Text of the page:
News Matte Painting Stage Design Poster Art Making Of About Awards Trailer Contact




Hi Sven, could you tell us a little bit about yourself and also how you got into art?


I can't really spot one certain point in my life, at which I got interested in design. I guess it's just the addition of personal interests that drives you in a certain direction ...
What really interests us - that's what we're good in. And what we are good in - that's what's easy for us. So, to a certain degree, I owe my decisions to just taking the easiest way ... ;)
You’ve covered a lot in the early stages of you career, from FX  make-up artist, interactive design to currently a matte painter. So ‘dipping your toe’ into all these different areas, do you feel you’ve grown as an artist because of this?
I grew up with the works of Tom Savini (Make-up-Artist "from Dusk till dawn" etc.). It was pure coincidence though, that brought me to the annual "Halloween-Festival" at the "real" Frankenstein Castle (yes, Mary Shelly's Novel was named after this site!). At this Horror-Event I learned the basics of FX-Make-Up. What an exciting time it was! Over the years, I was drawn more and more into the conceptual work. We developed mechanisms and stage-tools to more effectively scare the living hell out of the visitors.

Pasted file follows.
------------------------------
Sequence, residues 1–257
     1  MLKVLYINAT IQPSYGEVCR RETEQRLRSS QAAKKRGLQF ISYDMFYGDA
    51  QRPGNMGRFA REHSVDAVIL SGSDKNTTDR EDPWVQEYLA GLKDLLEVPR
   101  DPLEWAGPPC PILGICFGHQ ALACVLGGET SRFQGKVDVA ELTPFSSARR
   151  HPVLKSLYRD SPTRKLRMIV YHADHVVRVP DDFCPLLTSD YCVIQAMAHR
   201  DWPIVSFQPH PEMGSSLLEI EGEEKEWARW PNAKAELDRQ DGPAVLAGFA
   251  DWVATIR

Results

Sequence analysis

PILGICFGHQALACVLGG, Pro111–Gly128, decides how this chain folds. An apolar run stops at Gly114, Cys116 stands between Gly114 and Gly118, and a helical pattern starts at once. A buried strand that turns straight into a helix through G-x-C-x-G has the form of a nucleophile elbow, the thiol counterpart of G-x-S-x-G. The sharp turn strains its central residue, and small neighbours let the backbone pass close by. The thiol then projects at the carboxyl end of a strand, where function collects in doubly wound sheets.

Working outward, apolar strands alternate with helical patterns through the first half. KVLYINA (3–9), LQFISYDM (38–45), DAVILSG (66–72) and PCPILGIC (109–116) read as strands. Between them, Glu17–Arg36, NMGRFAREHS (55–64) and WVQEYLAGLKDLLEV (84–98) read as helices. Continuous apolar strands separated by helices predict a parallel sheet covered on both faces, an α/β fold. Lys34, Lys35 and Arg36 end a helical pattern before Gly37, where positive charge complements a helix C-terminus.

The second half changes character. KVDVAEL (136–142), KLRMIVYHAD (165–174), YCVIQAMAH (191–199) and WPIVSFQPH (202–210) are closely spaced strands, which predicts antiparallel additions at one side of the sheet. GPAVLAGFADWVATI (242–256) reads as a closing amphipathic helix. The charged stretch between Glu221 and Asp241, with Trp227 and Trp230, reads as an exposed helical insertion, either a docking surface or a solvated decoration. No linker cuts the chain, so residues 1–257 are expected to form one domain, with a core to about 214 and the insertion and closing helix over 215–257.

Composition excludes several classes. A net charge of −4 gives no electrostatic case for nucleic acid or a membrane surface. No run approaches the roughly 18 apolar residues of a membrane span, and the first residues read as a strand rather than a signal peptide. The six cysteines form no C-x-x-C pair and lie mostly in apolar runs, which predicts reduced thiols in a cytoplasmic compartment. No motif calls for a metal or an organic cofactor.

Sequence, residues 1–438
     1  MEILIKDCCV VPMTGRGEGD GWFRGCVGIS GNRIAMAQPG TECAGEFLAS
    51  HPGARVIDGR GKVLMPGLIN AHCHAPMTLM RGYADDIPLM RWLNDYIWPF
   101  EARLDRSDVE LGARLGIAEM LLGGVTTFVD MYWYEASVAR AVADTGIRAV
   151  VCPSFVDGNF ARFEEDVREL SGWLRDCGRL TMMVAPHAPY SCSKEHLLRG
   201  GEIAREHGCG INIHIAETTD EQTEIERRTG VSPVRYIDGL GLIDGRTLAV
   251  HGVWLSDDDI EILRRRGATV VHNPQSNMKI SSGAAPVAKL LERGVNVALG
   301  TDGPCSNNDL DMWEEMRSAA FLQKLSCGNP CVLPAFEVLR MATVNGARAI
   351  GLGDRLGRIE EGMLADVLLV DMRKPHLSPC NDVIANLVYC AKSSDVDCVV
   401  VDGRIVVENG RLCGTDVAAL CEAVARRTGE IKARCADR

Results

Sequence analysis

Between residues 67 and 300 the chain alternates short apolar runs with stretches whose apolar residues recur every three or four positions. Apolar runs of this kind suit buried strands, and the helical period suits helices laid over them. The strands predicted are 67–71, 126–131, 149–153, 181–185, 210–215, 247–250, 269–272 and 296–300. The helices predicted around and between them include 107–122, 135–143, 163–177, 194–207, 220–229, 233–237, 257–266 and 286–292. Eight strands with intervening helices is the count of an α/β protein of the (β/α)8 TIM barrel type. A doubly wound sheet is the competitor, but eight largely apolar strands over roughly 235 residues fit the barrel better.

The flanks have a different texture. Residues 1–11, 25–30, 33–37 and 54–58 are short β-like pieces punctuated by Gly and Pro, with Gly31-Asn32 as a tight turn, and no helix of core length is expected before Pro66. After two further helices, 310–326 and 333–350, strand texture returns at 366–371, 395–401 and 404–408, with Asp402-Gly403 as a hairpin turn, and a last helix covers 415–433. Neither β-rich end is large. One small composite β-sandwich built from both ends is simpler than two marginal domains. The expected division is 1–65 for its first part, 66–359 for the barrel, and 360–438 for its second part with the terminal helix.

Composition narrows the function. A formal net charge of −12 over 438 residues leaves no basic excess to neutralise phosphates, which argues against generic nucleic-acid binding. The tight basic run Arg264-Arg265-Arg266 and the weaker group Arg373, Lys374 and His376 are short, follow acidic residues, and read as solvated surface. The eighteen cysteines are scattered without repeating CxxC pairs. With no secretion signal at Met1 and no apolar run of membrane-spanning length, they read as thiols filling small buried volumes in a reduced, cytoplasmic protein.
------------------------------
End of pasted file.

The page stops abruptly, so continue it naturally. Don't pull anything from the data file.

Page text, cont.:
Eventually, the event dramaturgy lead me to films. And from there, it was just a short step to becoming a matte painting artist. You see, after all, the multitude of things I've done so far are not even that different from each other. What it all comes down to is the conceptual staging - no matter if of events, films or computer games.
So have you attended any Halloween-Festivals recently?
Soon the season begins again. Even in Europe, halloween time has become a fixed part of the festival season. Every year new events sprout all about, all dealing with innovative and creative ways of getting scared to the bone. It's cool to notice, that the borders of computer games and live events vanish bit by bit - playful multimedia elements are being integrated into events. For example: We're working on a tracking system, monitoring the movements of visitors and having them followed by digitally projected spiders. Many of ideas like that derive from the gaming industry but are being separeted from the screen and find their ways into our real environment. I can't wait to see, what surprises will be waiting for us out ther this year ...